UN says up to Israel to restore order in Gaza for aid

By Michelle Nichols

UNITED NATIONS (Reuters) - It is Israel's responsibility - as the occupying power in the Gaza Strip - to restore public order and safety in the Palestinian territory so humanitarian aid can be delivered, the United Nations said on Friday.

U.N. Secretary-General Antonio Guterres said there is as "total lawlessness" in Gaza, where the U.N. has warned a famine looms for the population of 2.3 million after more than eight months of war between Israel and Palestinian militants Hamas.

"Most of the trucks with humanitarian aid inside Gaza are now looted," Guterres told reporters on Friday, adding that Israel prevented the U.N. from using Palestinian civil police for aid security. "There is total chaos in Gaza and there is no authority in most of the territory."

Israel's military announced on Sunday that there would be a daily daytime pause in its attacks along a key road in southern Gaza that the U.N. and aid groups use to access the Kerem Shalom crossing from Israel.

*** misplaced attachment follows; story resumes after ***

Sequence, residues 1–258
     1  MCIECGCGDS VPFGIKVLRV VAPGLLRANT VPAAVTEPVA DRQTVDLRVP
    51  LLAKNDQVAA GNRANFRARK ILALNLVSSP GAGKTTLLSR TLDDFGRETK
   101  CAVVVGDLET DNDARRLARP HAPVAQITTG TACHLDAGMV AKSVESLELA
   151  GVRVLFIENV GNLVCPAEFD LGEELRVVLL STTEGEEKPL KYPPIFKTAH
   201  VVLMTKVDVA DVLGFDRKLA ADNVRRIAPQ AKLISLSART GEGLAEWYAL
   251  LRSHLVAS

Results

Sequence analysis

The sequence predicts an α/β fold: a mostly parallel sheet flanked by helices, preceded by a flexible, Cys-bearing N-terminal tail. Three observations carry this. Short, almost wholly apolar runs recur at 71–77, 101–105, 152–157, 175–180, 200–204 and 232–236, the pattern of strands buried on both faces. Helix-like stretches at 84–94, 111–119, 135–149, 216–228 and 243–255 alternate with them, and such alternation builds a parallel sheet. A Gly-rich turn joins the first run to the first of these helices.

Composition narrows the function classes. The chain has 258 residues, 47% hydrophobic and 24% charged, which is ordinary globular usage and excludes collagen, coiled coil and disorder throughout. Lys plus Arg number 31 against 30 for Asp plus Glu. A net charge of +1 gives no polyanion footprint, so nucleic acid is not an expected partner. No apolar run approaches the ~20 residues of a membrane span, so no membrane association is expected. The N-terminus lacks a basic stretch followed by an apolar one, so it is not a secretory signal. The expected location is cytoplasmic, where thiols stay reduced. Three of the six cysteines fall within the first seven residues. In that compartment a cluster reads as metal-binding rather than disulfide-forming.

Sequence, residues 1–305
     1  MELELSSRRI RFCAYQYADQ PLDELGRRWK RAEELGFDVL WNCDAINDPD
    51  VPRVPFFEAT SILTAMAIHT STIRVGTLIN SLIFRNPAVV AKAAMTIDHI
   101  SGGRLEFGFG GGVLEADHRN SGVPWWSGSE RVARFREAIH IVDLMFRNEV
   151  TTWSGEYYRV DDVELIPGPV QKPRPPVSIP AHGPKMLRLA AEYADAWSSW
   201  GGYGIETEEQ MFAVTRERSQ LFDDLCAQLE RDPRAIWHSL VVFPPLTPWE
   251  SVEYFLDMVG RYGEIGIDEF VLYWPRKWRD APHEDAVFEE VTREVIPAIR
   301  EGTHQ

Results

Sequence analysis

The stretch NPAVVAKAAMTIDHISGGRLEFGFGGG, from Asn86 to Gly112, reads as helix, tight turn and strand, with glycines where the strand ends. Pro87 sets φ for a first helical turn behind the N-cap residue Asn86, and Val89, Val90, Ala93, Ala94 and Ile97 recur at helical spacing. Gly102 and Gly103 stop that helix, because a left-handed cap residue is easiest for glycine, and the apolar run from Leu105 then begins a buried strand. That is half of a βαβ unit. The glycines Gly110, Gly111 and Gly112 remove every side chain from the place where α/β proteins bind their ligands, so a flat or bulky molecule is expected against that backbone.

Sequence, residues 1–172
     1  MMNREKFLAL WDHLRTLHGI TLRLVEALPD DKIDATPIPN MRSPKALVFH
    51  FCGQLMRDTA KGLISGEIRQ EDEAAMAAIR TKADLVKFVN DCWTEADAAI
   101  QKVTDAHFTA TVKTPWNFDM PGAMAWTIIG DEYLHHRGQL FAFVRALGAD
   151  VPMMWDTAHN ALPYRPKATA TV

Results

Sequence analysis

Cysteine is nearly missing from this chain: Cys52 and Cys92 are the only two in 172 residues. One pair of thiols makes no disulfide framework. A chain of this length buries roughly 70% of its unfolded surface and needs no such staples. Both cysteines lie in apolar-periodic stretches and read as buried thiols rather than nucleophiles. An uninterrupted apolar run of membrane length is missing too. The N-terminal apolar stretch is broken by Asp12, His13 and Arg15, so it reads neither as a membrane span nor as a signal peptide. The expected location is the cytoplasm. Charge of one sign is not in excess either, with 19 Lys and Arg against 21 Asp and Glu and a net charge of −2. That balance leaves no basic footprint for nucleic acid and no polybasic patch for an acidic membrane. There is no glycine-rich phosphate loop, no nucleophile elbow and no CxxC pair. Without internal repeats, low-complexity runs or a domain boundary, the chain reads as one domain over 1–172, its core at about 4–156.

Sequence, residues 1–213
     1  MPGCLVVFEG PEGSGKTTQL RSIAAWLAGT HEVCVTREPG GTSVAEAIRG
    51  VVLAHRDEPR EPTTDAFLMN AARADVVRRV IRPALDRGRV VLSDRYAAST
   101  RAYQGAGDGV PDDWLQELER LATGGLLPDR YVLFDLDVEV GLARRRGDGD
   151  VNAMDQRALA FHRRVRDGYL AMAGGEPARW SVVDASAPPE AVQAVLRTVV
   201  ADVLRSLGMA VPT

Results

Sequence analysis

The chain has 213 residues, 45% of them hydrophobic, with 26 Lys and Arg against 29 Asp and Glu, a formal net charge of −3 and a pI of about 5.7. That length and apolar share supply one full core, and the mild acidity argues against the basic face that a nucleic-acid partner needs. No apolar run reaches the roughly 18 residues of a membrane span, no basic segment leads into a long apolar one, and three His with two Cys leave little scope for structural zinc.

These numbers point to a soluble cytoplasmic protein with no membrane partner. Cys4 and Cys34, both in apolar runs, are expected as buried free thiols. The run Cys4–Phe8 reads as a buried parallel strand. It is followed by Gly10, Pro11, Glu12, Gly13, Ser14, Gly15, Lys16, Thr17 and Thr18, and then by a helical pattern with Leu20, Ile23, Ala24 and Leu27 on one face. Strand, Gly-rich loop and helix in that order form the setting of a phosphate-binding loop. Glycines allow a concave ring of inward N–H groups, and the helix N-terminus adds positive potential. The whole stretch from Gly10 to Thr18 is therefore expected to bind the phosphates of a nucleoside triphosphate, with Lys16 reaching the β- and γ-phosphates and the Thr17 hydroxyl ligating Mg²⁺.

But U.N. spokesperson Farhan Haq said on Friday that along with fighting between Israel and Hamas, the risk of crime had "effectively prevented humanitarian access" to critical areas, including Kerem Shalom.

"As the occupying power, it is incumbent upon the Israeli authorities to restore public order and safety as far as possible and facilitate safe humanitarian access so that assistance reaches civilians in need," Haq said.

Israel's U.N. Ambassador Gilad Erdan declined to comment.

Hamas came to power in Gaza in 2006 after Israeli soldiers and settlers withdrew in 2005, but the enclave is still deemed as Israeli-occupied territory by the United Nations. Israel controls access to Gaza.

"We see extreme difficulty in distributing inside Gaza," Guterres said. "There must be a mechanism guaranteeing that there is a minimum of law and order that allows for that distribution to take place"

"That is why a ceasefire is so necessary to get properly organized and implement a plan for that purpose," he said.

(Reporting by Michelle Nichols; Editing by Josie Kao)